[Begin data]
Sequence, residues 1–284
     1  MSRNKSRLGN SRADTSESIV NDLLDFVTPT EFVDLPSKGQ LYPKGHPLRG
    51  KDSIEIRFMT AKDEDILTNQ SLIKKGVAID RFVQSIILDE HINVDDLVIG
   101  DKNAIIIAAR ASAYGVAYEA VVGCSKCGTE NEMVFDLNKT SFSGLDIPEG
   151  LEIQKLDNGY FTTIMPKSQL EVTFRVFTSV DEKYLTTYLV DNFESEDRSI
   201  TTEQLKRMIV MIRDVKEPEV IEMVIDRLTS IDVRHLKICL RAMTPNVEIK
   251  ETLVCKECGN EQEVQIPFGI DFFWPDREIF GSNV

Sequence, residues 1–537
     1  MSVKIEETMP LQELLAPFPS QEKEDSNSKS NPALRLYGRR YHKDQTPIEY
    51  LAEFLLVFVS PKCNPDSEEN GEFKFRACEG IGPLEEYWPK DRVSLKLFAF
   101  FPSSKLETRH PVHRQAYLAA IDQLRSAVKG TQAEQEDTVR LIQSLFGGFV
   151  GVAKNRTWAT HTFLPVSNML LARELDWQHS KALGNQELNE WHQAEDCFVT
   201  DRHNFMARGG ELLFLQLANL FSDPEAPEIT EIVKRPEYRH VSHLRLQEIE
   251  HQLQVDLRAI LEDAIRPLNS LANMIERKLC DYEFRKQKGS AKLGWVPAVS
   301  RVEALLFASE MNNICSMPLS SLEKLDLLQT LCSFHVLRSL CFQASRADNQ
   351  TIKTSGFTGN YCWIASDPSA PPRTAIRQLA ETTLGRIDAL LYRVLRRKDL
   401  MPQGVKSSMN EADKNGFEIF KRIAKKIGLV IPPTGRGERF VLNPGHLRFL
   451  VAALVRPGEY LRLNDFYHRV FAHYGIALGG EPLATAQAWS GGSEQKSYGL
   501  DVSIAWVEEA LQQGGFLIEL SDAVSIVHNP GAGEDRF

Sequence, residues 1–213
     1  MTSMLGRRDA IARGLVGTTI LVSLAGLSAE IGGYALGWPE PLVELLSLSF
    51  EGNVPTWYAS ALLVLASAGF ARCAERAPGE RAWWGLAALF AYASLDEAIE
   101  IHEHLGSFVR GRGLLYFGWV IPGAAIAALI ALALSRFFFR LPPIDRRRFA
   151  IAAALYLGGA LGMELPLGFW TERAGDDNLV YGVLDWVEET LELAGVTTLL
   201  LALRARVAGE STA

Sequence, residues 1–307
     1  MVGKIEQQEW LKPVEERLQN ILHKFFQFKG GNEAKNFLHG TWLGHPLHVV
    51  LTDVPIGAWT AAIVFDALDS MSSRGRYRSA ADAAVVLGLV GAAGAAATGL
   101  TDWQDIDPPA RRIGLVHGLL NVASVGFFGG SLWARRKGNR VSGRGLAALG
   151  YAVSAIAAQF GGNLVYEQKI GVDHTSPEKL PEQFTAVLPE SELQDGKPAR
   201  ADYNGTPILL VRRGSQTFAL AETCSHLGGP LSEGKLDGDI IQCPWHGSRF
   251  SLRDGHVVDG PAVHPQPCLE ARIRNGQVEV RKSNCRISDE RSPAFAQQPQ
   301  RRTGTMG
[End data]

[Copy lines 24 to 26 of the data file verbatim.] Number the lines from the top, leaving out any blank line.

   151  IAAALYLGGA LGMELPLGFW TERAGDDNLV YGVLDWVEET LELAGVTTLL
   201  LALRARVAGE STA

Sequence, residues 1–307